Growing up on a farm, Robert J. Huebner noticed how tiny drops of rain slowly contributed to land erosion. In a 1965 interview with Life Magazine, he related the phenomena to the fragility of life:
“Human erosion isn’t a simple thing,” he said. “It’s the result of the interplay of many factors, many raindrops, but I strongly suspect that among them are the virus agents.”
Huebner dedicated his career to this suspicion, discovering viruses that cause respiratory illnesses in children and pinpointing cytomegaloviruses, which cause infections for patients with AIDS.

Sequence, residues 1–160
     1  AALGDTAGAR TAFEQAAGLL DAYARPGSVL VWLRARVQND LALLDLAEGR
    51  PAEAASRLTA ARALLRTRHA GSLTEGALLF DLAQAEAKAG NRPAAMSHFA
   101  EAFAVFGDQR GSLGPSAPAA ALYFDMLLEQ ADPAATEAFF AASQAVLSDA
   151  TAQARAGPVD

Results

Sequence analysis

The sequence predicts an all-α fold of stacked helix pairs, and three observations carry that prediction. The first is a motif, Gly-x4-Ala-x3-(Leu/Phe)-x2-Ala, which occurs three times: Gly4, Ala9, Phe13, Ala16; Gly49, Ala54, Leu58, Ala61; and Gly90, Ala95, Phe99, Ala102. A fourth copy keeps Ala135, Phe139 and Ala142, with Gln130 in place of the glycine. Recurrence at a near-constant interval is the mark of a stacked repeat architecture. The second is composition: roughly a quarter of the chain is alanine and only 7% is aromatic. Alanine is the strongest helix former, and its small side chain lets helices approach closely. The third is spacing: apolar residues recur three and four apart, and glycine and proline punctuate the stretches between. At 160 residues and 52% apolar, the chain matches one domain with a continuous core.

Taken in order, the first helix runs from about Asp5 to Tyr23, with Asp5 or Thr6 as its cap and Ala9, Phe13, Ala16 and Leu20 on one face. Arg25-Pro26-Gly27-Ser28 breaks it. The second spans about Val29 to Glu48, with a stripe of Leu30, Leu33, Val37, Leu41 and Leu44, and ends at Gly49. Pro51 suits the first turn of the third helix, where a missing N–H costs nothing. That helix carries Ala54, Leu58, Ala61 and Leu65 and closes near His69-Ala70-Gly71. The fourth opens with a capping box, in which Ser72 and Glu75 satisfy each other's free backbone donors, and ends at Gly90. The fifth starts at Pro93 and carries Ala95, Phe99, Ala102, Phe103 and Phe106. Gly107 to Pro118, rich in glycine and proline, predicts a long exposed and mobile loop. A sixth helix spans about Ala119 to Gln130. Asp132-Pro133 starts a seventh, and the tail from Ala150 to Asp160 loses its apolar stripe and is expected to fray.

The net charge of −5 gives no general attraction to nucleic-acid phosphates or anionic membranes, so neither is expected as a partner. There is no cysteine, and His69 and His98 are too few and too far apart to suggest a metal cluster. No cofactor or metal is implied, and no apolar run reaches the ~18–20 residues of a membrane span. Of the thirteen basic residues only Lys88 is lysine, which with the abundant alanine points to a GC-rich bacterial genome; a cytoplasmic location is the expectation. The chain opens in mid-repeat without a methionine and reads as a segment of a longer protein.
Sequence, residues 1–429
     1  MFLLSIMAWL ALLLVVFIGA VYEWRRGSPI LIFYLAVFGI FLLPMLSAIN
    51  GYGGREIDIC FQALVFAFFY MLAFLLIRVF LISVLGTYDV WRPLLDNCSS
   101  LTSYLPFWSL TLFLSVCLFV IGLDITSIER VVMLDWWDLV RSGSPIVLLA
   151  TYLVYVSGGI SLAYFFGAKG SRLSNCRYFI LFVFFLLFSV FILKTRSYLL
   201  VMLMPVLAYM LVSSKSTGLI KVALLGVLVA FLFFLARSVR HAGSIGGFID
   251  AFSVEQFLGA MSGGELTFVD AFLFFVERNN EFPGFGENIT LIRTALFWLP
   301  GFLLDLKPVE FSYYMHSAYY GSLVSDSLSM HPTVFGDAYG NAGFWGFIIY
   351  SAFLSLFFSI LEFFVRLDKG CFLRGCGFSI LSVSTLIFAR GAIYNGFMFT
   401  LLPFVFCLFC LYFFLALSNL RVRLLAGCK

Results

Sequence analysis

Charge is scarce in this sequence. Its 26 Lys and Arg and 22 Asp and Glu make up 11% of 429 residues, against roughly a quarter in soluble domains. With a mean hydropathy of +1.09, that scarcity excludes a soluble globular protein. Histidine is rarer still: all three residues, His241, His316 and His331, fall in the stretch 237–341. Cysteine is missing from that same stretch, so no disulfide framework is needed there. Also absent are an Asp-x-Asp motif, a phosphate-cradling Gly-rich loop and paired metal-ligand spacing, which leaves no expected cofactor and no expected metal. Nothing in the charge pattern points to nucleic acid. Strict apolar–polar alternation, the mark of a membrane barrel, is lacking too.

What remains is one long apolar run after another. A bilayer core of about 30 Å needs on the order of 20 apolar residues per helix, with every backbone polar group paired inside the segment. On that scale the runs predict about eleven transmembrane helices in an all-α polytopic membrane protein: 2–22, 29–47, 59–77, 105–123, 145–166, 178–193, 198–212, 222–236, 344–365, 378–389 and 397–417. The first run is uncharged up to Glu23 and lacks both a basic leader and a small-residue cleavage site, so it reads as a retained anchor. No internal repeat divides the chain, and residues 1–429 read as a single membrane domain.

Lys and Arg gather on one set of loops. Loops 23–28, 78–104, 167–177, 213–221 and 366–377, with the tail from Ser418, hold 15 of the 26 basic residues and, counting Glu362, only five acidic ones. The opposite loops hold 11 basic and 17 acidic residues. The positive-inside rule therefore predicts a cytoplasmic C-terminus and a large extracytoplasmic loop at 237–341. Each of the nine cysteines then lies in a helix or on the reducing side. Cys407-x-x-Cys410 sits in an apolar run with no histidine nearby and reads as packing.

Through his research, Huebner determined that certain viruses trigger genes – which he named oncogenes – to cause cells to grow abnormally into cancerous tumors.
With this knowledge, he persuaded the government to allocate $60 million for cancer research.
The existence of the oncogene, later corroborated by others, also prompted the development of life-saving vaccines for conditions including Hepatitis B.